When I see the True Crime section in a bookshop I avoid it. While I can see Mama Hen's point about the psychology of crime, the books being "pushed" often seem to me more focused of the glorification of crime and violence.
    I've not read In Cold Blood, and will almost certainly avoid it. The book which is most in the category of "Wish I'd Never Read It" for me is William Burroughs "Naked Lunch". The most unpleasant book I've ever read. It felt to me like Burroughs had simply one purpose - to shock, disgust and horrify the reader. In my case he succeeded if that really was his intention. And even though I've read some rubbish in my time I always label this the worst book I've ever read and I can't imagine anything will ever take its place.

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    1. I do like the puzzle aspect, but I find it in Golden Age detective novels - no gore necessary, and very little of the sadism which seems to be the driving force of modern crime (although I say this as someone who doesn't read it, so what do I know?!)

      Naked Lunch is very much off my maybe-list now...

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    2. Don't even *think* of reading Mr. Burroughs, it'll put you off your tea for months :)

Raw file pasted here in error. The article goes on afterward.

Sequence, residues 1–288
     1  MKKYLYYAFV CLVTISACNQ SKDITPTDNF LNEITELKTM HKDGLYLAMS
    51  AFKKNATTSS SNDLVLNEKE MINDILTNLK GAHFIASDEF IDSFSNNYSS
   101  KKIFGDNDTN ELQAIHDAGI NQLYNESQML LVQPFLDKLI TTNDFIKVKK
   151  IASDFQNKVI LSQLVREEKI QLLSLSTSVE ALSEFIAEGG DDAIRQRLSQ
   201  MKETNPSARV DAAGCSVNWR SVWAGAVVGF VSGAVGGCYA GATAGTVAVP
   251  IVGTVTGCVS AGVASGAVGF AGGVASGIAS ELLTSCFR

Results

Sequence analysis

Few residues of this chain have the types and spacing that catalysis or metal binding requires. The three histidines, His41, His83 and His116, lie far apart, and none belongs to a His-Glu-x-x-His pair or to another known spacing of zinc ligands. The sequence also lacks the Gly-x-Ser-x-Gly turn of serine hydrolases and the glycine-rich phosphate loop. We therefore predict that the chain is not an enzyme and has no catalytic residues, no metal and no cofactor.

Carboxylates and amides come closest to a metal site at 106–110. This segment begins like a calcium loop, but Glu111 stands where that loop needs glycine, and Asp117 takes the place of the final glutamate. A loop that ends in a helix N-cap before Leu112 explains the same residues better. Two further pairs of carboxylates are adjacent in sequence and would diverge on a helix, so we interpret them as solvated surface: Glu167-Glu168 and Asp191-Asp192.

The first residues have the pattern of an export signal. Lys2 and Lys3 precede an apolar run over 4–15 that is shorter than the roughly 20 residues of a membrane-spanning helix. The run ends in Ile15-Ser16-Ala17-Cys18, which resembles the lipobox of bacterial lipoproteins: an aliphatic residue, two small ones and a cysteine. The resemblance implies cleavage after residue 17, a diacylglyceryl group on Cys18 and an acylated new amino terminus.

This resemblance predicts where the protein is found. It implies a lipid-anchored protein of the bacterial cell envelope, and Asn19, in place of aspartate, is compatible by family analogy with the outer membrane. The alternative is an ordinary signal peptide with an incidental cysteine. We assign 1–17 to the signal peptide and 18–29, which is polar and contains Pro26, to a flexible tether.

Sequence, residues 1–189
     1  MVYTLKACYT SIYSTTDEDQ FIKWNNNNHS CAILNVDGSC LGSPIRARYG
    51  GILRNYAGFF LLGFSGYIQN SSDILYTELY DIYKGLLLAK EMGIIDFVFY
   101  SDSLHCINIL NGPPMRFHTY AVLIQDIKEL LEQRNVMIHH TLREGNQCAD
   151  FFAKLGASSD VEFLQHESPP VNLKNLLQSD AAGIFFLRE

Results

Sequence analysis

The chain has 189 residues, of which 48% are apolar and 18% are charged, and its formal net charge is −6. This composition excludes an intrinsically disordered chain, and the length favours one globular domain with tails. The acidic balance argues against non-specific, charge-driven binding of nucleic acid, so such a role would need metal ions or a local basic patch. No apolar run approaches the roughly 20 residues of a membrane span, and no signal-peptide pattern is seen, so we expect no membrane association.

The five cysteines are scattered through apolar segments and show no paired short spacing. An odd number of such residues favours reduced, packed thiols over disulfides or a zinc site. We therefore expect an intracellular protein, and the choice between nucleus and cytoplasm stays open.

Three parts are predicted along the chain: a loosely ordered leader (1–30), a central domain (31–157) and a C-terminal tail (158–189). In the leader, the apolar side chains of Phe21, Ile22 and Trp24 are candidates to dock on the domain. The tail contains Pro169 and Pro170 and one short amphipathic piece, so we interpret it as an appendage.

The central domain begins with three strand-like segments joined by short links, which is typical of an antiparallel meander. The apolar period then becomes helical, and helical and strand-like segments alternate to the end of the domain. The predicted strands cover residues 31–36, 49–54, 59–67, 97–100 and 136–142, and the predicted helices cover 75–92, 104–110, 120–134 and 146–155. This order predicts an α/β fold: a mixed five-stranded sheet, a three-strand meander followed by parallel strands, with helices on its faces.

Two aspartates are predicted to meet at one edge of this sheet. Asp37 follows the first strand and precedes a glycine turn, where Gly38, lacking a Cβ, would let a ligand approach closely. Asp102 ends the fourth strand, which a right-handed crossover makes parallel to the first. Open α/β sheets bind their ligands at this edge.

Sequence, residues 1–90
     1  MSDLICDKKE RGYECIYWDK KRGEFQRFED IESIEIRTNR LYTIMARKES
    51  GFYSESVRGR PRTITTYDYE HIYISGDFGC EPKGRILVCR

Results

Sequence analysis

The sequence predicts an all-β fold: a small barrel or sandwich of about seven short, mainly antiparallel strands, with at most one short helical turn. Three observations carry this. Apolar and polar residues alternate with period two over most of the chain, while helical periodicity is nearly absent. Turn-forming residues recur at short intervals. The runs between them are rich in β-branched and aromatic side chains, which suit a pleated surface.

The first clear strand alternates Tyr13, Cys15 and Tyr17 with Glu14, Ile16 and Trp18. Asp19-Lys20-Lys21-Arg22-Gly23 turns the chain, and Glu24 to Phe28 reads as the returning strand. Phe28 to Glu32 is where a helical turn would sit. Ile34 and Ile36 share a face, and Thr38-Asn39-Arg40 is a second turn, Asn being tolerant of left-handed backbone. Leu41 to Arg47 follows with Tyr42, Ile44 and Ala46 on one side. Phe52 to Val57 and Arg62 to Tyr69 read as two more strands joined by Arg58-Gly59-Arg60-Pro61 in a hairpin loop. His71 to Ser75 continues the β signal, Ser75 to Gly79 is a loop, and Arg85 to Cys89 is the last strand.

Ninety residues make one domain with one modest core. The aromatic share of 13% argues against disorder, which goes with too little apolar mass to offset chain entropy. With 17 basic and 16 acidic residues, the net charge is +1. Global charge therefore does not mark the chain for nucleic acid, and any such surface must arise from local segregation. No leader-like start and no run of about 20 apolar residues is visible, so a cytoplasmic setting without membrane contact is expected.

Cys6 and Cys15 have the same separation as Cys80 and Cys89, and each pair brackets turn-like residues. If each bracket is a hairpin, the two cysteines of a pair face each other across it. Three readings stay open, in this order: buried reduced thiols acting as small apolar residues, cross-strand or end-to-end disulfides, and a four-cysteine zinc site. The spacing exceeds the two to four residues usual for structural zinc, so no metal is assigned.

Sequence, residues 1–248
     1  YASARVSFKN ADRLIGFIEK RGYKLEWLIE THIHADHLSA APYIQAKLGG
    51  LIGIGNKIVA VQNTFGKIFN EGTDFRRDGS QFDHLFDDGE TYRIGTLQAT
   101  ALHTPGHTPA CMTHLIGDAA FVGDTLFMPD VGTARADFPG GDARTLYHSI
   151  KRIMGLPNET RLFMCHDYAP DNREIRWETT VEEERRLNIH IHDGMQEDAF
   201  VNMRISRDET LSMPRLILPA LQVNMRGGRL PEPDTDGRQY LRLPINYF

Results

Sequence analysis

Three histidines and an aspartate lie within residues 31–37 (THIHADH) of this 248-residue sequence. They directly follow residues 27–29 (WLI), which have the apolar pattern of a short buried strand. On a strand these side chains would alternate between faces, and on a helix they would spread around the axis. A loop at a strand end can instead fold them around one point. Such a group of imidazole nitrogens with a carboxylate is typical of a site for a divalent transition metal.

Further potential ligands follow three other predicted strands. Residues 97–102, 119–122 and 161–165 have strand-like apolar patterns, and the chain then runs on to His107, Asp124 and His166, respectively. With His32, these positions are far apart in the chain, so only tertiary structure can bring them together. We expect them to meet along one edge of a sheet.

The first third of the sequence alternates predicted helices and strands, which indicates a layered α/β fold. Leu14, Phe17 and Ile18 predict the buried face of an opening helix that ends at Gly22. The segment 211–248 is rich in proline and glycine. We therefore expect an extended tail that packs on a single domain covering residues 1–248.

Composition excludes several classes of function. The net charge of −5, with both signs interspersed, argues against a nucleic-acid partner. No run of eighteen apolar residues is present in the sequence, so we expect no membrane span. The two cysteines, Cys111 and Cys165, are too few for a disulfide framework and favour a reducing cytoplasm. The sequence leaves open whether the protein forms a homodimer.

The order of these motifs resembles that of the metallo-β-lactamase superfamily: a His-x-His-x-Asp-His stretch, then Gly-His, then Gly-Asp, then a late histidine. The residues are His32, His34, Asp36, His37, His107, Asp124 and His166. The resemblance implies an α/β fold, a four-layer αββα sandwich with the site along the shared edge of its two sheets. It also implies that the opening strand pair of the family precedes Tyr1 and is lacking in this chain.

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  13. I hated In Cold Blood, and one of my first MA students did it for her research paper, so i had a year of the damn thing. Cold, manipulative, distant, morbid and disturbing interest in feelings of victims during torture, killings, etc. It's a vile experience reading it. Not sure it did much to reveal hidden truths about America's execution lawseither, even if TC meant it to be. Says a great deal about TC, and not very much about anyone else.
    Kate @ www.reallylikethisbook.com

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    1. Oh, Kate! How awful. I do think it's bizarre that it's a set text in many American high schools.

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  14. Patricia Cornwell is banned from the Honey Pot book shelves (and I rarely ban books - other than the obvious!) after I 'tasted' a few and realised that she had tipped over that fine dividing line between realism and salaciousness - nay, 'evil for the sake of it'. She was taking sickening delight in the sordid stuff - it shrieked from the pages. No. I won't have them in the place!
    There IS such evil in the world, but there's no need to roll in it.

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    1. I have never read her, and now definitely won't! Just no need for this sort of thing.

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  15. I read one of the Jo Nesbo novels because there was a chance to meet the translator and I'm studying literary translation. I asked him how he dealt with the nasty bits but they hadn't bothered him. I don't think I could translate such a book.

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    1. Gosh, as a translator you very definitely wouldn't be able to skip over sections... I'd hate the idea of dwelling on certain bits, trying to find the right word for translation etc... *shudder*